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Women's Cup Back in the U.S.

FIFA relocates the 2003 event here after it took away tournament from China because of the SARS virus.

May 27, 2003|Grahame L. Jones | Times Staff Writer

The United States has, in a manner of speaking, shanghaied the 2003 Women's World Cup.

On Monday, the 16-nation world championship was awarded to the U.S. by FIFA after world soccer's governing body ruled on May 3 that the tournament could not be played in China because of the SARS virus.

And so, instead of a final in Shanghai, there could be a final in the Arroyo Seco, the Rose Bowl being very much in the running to stage the championship game as it did four years ago in front of 90,185.

Exact dates and venues for the tournament will not be known for a couple of weeks, but it is expected to take place in four to seven stadiums "coast to coast" and close to its original Sept. 23-Oct. 11 dates.

"We now have approximately 120 days to do something that no one has ever attempted," said Bob Contiguglia, the president of U.S. Soccer. "Staging an event of this stature and size in this short amount of time will be a great challenge, but we will succeed."

The decision has yet to be made whether to have the tournament move chronologically from East to West or from West to East, but the former is more likely, making Los Angeles a possible site for the final.

"Going back to the Rose Bowl would not be a concern," said Dan Flynn, U.S. Soccer's executive director, pointing out that the Home Depot Center is an equally attractive possibility.

"I think we have two really good options there," he said, "but clearly the legacy of 1994 and 1999 of the Rose Bowl being filled to the brim is a very positive statement."

The Rose Bowl is available on Sunday Oct. 12, one day later than the final was originally planned, because the UCLA football team is on the road that weekend.

Reaction from U.S. players and coaches to the news that they would again be the home team in an event they played host to and won in 1999 was overwhelmingly positive.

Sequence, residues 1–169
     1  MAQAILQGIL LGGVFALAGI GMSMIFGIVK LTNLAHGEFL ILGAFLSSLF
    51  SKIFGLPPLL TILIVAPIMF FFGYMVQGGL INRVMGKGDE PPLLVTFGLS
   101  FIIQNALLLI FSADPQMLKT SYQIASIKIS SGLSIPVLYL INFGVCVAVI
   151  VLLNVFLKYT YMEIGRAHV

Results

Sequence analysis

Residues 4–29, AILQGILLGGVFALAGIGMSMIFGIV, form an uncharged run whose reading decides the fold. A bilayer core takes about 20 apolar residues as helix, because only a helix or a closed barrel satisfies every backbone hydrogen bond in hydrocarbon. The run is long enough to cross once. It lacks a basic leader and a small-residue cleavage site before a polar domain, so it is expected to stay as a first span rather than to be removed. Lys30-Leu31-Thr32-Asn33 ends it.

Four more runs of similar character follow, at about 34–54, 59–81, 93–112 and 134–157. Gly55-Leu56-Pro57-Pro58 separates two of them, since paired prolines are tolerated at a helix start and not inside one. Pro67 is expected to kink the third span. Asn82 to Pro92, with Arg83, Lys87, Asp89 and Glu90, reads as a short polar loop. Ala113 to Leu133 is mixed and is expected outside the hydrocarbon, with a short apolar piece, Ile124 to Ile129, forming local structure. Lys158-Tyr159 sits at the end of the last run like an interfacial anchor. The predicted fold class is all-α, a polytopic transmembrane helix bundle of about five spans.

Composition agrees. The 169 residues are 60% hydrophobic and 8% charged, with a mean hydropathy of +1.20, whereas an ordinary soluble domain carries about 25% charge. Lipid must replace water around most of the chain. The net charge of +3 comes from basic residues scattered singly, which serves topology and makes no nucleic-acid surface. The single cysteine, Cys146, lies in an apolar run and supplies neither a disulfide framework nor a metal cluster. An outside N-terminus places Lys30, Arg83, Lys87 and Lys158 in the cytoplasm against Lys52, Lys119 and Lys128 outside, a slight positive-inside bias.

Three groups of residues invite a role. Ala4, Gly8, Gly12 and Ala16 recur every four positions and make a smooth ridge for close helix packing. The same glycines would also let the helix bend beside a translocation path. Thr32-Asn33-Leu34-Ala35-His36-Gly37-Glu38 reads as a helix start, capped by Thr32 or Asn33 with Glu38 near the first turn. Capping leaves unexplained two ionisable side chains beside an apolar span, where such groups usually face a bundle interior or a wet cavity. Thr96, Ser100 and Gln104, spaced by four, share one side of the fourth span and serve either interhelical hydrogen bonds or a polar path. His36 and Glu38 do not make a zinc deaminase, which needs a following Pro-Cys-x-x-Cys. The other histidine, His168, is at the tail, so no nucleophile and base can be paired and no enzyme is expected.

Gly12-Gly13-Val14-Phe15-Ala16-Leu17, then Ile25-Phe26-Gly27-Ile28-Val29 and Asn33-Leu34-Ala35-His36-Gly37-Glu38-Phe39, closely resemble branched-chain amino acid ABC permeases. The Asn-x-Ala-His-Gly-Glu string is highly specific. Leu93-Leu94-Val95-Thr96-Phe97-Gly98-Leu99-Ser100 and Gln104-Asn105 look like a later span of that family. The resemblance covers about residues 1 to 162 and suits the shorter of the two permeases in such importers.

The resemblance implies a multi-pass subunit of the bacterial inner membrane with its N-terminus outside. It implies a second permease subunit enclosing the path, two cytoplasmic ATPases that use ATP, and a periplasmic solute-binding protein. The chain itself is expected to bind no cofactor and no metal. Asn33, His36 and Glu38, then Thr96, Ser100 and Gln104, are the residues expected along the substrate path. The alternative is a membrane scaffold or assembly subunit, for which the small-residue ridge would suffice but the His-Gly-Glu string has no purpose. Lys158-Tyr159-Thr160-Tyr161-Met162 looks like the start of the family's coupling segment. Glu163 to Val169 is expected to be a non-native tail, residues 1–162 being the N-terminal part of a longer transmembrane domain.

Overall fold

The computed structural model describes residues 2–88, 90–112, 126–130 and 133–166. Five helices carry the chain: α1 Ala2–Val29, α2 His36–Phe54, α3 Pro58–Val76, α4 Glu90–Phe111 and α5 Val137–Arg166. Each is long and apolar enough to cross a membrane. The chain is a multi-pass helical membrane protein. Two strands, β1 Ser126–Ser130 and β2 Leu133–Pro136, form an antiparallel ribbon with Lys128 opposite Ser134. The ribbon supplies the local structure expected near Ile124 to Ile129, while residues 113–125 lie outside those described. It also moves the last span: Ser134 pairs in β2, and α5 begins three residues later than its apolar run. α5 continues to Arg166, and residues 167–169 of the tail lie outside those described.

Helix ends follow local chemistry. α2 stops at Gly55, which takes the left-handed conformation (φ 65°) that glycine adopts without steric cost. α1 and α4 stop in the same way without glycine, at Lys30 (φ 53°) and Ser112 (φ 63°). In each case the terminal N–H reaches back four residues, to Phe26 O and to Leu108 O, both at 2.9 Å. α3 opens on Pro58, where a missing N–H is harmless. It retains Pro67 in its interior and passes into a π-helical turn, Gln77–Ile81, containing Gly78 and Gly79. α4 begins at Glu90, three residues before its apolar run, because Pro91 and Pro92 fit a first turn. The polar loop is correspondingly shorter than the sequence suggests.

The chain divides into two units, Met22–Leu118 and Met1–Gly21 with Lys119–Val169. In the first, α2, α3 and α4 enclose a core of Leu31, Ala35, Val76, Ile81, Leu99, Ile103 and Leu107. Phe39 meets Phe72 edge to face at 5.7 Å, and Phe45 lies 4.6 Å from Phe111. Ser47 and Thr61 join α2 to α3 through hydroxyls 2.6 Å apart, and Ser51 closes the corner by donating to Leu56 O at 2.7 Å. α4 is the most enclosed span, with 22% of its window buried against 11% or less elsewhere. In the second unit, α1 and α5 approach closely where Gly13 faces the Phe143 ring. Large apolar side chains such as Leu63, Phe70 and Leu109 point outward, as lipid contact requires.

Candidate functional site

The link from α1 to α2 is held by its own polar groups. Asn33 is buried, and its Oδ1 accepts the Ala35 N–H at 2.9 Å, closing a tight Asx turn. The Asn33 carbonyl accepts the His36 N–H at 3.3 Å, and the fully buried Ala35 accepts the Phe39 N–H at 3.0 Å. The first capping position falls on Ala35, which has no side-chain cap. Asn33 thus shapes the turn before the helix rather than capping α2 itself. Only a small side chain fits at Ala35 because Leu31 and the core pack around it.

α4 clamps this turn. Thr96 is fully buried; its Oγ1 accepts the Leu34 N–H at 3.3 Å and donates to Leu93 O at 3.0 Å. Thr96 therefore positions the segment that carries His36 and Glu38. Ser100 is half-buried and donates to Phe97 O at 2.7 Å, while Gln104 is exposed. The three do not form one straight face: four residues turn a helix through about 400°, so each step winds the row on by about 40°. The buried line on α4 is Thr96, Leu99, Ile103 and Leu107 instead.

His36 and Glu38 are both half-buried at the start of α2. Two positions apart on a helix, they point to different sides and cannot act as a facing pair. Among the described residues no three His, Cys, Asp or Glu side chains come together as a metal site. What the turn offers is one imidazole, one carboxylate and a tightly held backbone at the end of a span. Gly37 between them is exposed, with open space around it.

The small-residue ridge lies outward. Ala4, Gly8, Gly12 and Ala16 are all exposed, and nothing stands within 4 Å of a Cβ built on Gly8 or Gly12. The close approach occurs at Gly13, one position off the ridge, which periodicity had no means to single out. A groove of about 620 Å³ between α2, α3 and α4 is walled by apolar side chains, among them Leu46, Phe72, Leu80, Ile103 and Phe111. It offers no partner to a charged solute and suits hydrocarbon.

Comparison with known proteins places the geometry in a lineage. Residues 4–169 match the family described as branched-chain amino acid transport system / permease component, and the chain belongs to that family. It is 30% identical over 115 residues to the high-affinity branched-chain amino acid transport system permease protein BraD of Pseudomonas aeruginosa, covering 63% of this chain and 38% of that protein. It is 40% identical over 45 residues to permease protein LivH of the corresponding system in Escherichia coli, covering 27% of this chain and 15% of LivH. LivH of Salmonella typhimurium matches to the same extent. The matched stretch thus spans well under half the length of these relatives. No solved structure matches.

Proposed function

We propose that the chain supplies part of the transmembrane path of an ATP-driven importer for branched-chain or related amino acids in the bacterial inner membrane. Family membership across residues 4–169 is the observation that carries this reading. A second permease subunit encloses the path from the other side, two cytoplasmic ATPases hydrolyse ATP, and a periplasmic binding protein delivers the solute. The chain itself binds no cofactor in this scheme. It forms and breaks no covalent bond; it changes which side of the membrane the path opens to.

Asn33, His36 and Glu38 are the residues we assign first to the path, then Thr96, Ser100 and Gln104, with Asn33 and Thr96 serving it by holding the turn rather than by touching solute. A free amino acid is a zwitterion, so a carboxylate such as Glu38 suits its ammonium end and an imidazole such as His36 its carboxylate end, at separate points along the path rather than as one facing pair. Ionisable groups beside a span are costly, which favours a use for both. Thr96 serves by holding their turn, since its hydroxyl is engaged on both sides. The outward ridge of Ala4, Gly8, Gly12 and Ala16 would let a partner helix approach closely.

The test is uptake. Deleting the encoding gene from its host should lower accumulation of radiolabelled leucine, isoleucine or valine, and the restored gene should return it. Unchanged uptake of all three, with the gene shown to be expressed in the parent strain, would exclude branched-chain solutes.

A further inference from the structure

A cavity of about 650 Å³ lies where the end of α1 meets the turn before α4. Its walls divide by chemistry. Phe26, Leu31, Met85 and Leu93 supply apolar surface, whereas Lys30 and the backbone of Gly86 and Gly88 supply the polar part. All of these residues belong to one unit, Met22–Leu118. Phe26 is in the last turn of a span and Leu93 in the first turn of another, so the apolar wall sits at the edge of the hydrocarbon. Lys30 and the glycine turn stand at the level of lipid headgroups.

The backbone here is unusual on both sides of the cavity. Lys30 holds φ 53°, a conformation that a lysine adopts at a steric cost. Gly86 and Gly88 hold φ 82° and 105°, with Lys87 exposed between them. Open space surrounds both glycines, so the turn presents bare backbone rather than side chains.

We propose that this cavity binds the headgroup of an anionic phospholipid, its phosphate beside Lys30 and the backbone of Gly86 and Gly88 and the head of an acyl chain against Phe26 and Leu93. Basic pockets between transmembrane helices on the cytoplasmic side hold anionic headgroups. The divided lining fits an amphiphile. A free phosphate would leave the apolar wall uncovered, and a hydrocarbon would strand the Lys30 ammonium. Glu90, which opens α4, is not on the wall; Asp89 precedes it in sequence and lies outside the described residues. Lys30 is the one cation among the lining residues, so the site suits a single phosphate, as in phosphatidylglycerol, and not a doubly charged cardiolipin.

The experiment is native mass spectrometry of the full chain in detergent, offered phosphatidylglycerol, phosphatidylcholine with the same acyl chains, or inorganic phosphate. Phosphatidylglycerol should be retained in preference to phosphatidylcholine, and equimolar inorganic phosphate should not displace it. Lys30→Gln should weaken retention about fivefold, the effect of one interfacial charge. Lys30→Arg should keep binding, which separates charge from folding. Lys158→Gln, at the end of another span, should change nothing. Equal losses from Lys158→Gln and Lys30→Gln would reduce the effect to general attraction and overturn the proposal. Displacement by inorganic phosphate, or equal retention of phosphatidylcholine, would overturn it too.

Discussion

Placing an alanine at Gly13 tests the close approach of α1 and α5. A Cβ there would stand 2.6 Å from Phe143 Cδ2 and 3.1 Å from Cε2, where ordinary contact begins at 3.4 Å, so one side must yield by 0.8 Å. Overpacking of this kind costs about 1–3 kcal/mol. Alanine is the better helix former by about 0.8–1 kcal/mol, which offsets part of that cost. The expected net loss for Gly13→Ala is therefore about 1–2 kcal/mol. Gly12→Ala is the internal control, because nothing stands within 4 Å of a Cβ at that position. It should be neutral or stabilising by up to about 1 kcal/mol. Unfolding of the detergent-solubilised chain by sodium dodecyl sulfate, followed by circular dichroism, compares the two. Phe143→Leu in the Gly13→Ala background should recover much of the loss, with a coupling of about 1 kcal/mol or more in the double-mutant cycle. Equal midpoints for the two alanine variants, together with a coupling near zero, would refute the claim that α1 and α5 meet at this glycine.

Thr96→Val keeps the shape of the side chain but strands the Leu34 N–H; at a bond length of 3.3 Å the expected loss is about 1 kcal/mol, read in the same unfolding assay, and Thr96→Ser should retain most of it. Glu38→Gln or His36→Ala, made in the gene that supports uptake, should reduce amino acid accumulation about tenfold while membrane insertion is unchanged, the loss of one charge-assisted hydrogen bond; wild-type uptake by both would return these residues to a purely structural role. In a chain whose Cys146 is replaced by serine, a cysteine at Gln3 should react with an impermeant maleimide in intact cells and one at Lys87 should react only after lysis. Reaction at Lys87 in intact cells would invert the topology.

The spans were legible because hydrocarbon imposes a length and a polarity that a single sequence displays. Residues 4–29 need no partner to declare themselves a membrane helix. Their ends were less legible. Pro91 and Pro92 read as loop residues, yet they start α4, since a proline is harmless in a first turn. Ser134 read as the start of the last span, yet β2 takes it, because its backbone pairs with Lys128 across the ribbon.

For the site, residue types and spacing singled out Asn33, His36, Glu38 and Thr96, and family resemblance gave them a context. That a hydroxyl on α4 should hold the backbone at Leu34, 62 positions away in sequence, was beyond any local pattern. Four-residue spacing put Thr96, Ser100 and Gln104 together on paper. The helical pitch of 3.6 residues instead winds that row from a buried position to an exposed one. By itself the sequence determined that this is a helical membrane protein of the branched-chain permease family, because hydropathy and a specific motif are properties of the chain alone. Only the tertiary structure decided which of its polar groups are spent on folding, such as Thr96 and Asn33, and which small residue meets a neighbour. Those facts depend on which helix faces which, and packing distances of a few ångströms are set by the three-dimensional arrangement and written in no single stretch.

Midfielder Julie Foudy said she was "ecstatic." Defender Joy Fawcett, the co-captain with Foudy, called it "awesome," and U.S. Coach April Heinrichs said the belief had been that the U.S. would have to wait much longer before seeing the tournament played here again.

"I'm thrilled, I know all of our players are thrilled," Heinrichs said. "Certainly, most of us thought this wouldn't be possible until, at a minimum, 2007, and possibly as far away as 2011."

Flynn said the goal is to stage "a world-class event" and that a budget of $8 million to $14 million is "probably a fair number" to estimate the federation's investment in the tournament. The risk is being borne by the federation alone, without FIFA underwriting the event.

Ticket packages to the 16 doubleheaders that comprise the Cup will be priced "so that at the end of the day it can put us very close to a break-even situation," Flynn said. "We know it's a challenge, but that's our goal."

Even if U.S. Soccer loses financially, the decision to seek the Cup was not difficult to make.

"The opportunity to have our sport on the front page and for our team to have the chance to win yet another world championship at home is an opportunity that just doesn't come along very often," Flynn said. "So we like to look at our downside as an investment, if it's anything."

The 1999 Women's World Cup drew 660,159 fans, an average of 41,259 per playing date.

That tournament, however, was played in mid-summer. This time, the event will be going up against the baseball playoffs, the beginning of college football, the NFL and NHL seasons, and the MLS season.

That poses considerable difficulty in terms of stadium availability, television scheduling and other obstacles U.S. Soccer will try to overcome in the next two weeks.

"We've probably sent anywhere from about 12 to 14 scenarios to FIFA regarding scheduling, with different venues in play," Flynn said. "It's pretty fluid. But in the next seven to 10 days we think we can get that wrapped up."

In announcing its decision Monday, FIFA also said that China will retain the automatic place in the tournament as host.

The field consists of Argentina, Australia, Brazil, Canada, China, France, Germany, Ghana, Nigeria, Norway, Russia, Sweden and the U.S.

Two more teams will emerge from the Asian qualifying tournament in Thailand next month, with the third-place finisher there paying Mexico in a home-and-home series for the final Women's World Cup berth.

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